The Real Deal: Whitey Morgan and the 78’s

Country music fans, perhaps more than those of other genres, suffer from a sentimentality disorder. No matter their generation, they long for the good old days when country was country. They want nothing to do with pop-country or bro-country or any other hyphenated outcropping of the form. If it ain’t Cash, Haggard or some other outlaw legend . . . well, it ain’t the real deal. That’s an understandable position to hold if examined solely within the context of Luke Bryan, Jason Aldean, and other mainstream country acts. But, if they were to look a little closer, they would find a bunch of incredibly talented artists making the kind of music that Johnny and Merle would be happy to call their kin.

That’s where Whitey Morgan’s music lives — somewhere in that contemporary outlaw country distance between Chris Stapleton and Sturgill Simpson. Born Eric Allen, the country singer-songwriter took up the “Whitey Morgan” moniker 10 years ago when he decided to give the local honky-tonk scene something to talk about. The hard-scrabble lives of the unemployed factory workers who were his neighbors in Flint, Michigan, gave Morgan something to sing about. Morgan knew that you didn’t have to come from Texas or Tennessee to write and sing country songs. After all, there are working-man struggles aplenty in Michigan, too.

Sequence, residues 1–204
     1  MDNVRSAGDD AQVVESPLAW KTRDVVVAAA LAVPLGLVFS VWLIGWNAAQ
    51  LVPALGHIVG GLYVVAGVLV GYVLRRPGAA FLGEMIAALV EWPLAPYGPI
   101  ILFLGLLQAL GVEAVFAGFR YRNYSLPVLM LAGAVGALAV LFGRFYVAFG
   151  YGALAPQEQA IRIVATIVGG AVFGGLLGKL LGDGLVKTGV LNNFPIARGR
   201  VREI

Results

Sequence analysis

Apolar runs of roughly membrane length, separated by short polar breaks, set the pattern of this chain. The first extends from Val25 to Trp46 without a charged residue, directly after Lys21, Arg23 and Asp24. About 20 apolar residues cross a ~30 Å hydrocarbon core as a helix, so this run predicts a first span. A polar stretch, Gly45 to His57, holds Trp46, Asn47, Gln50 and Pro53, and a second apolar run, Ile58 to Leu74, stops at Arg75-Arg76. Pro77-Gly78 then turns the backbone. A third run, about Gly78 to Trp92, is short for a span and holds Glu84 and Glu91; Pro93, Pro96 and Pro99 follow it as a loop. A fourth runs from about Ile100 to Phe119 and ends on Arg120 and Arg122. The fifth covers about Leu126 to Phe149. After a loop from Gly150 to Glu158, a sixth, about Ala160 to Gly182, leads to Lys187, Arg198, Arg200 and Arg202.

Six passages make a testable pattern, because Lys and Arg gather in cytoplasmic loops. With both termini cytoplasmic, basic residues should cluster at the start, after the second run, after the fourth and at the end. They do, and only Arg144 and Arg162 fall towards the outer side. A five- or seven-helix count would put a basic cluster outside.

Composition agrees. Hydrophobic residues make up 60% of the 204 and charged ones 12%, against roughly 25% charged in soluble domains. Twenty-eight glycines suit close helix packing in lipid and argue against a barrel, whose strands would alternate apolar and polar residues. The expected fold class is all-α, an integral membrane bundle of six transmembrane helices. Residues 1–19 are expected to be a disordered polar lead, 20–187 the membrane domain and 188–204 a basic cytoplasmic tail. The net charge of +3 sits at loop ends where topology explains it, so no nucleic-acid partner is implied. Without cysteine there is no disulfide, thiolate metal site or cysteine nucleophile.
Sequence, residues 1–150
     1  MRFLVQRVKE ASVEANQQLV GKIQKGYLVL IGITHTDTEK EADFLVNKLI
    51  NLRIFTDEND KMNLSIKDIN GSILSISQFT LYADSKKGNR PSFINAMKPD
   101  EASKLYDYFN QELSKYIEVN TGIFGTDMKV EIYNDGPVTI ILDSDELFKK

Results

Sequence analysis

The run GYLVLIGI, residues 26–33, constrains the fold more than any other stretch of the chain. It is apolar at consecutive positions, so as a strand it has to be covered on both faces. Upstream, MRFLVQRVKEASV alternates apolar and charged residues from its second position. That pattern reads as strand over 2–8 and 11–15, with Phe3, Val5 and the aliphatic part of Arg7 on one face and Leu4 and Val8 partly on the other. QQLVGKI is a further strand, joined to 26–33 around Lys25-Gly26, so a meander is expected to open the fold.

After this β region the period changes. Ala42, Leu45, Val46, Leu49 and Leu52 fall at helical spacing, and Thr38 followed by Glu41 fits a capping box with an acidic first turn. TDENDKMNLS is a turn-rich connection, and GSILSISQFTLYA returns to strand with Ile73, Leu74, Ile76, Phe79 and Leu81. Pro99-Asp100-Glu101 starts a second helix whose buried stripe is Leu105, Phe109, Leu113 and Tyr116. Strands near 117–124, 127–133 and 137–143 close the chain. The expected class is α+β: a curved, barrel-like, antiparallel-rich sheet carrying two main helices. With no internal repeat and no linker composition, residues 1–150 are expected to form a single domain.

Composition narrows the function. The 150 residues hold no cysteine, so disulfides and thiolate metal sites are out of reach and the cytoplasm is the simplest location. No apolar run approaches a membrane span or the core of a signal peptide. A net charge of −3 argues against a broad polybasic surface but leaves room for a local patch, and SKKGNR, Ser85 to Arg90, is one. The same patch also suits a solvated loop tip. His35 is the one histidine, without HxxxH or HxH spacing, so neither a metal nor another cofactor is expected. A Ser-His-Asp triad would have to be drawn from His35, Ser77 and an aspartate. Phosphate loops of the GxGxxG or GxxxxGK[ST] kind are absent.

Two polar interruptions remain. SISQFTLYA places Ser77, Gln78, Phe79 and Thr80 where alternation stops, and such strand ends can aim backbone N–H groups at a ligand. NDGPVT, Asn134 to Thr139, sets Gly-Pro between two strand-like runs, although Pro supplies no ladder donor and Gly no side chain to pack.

To support a couple of indie and local label releases, including 2008’s well-received Honky Tonks and Cheap Motels, Morgan and his band spent a lot of time on the road — playing up to 200 shows a year. The effort paid off when, in 2010, Bloodshot Records picked them up for Whitey Morgan and the 78’s, a set that was recorded at Levon Helm’s studio in Woodstock, New York, and continued to earn him accolades from fans and critics, alike.

Though the themes of his songs remain the same — whiskey, women and wandering — Morgan’s solid touring and new release, Sonic Ranch, should put a full stop to any speculation that this is a ginned-up tribute band. With Morgan’s booming baritone leading the charge, these guys crank up the Telecasters and get it done. Whereas Simpson might be the thinking man’s outlaw, Morgan is the working man’s. There’s no Jesus playing “with flames in a lake of fire” here, son. No, sir. Instead of singing fanciful meditations, Morgan’s telling it straight and true. “I gave up on running ‘round. She gave up on me. I gave up on the cocaine. Now it’s just me and the whiskey,” he sings in the album’s opener, “Me and the Whiskey.”

These boys aren’t hell-bent on reliving some bygone days of glory. They are making their own because, like Waylon and Willie, Stapleton and Simpson, Whitey Morgan is the real deal.